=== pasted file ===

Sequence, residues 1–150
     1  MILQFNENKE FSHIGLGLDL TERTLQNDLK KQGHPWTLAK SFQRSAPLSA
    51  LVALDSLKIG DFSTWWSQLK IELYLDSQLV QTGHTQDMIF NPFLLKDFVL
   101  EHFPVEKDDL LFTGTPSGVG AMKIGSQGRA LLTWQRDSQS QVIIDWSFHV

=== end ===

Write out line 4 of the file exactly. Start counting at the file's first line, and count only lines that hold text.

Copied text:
   101  EHFPVEKDDL LFTGTPSGVG AMKIGSQGRA LLTWQRDSQS QVIIDWSFHV